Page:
But with an app prototype, these crucial stakeholders get a clickable, interactive app they can use and test. It helps to justify funding since it reduces the risk of uncertainty and helps your audience visualize the potential profit your app can bring.
6. Fine-tune your prototype to improve your concept.
A prototype also gives you the opportunity to explore new ideas and further improve on your concept because it allows you to see problems with the app early in the development process. Creating a prototype gives you the chance to improve on your concept so that your development team can find potential weak spots and errors.
According to a study by MarketingSherpa and MECLABS Institute, 13 percent of users delete mobile apps due to bugs. It’s important to test your app with your target audience to identify errors before you finalize the product. During this stage, it’s important to document user interactions, errors incurred and each instance and version that you updated. This helps you to create a valuable and addictive app for your target audience. For example, you can create and reference a backlog of the different versions of your app and compare the different errors your users experienced as they navigated through the system.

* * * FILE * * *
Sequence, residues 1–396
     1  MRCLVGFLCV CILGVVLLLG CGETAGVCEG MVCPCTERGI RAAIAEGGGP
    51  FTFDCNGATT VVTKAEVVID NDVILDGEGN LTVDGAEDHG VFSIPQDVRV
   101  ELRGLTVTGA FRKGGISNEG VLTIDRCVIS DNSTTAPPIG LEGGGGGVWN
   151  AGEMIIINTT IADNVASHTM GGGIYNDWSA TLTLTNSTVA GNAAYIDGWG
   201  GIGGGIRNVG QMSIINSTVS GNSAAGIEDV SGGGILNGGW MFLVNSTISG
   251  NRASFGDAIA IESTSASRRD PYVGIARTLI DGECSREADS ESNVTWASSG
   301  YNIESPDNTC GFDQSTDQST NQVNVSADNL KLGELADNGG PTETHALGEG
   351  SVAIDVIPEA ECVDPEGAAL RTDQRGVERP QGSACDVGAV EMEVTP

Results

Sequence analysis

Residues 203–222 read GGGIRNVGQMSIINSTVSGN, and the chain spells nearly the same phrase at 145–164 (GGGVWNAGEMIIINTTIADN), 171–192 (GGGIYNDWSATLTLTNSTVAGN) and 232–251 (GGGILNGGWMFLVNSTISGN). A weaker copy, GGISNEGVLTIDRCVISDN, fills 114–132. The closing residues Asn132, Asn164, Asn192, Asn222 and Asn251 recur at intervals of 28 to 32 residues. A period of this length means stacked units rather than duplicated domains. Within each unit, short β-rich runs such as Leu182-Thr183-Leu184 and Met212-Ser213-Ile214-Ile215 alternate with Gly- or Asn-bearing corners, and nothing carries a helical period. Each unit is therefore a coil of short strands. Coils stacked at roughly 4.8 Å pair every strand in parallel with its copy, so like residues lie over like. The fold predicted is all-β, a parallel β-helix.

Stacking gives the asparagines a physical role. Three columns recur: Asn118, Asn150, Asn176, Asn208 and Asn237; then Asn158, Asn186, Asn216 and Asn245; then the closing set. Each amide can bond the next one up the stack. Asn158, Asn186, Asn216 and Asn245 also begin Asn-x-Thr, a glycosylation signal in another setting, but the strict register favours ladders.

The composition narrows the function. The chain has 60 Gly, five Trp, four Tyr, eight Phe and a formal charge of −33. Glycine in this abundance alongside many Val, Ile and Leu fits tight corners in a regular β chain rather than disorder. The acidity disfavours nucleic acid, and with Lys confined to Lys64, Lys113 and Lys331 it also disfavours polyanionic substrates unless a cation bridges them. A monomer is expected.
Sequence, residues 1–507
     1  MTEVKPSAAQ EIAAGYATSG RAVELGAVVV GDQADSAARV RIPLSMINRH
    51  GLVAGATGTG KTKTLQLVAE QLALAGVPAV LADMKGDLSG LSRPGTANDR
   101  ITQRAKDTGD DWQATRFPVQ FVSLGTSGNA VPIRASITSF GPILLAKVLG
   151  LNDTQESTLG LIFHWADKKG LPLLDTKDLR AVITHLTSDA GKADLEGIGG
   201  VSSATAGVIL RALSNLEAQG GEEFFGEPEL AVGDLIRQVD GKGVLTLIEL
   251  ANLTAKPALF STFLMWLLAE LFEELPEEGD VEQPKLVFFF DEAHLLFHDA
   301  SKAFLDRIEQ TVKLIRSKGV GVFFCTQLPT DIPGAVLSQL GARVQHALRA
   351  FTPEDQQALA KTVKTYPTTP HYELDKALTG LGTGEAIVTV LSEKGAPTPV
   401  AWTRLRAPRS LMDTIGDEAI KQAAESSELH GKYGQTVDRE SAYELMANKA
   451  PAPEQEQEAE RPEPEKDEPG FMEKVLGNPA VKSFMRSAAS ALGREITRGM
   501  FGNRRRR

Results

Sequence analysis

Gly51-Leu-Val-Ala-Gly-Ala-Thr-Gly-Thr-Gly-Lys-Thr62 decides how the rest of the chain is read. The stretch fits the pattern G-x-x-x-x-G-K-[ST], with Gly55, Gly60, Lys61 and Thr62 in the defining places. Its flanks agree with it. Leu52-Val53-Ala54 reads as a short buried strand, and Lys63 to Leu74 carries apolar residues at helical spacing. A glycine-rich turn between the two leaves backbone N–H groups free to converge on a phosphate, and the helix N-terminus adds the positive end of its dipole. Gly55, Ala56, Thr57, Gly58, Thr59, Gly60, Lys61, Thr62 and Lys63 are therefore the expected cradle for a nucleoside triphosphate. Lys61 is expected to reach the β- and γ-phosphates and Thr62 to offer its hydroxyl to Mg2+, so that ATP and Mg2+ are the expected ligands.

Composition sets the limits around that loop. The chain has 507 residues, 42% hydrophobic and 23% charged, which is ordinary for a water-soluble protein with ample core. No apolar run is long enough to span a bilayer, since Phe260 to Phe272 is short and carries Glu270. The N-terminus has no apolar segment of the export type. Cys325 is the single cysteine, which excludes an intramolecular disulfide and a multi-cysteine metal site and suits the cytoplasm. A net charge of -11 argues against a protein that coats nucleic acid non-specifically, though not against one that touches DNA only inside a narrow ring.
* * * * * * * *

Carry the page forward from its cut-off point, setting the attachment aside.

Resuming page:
You can also implement features that provide feedback from your audience on the app, such as a survey or poll. Use the direct feedback to further develop the app based on their needs. You can use this information to create a more enhanced experience for your users and improve your chances of having a more successful app at the launch of the final product.
Online platforms for freelance worker provide an unparalleled opportunity to work with millions of people who aren’t necessarily like you.
4 min read
Opinions expressed by Entrepreneur contributors are their own.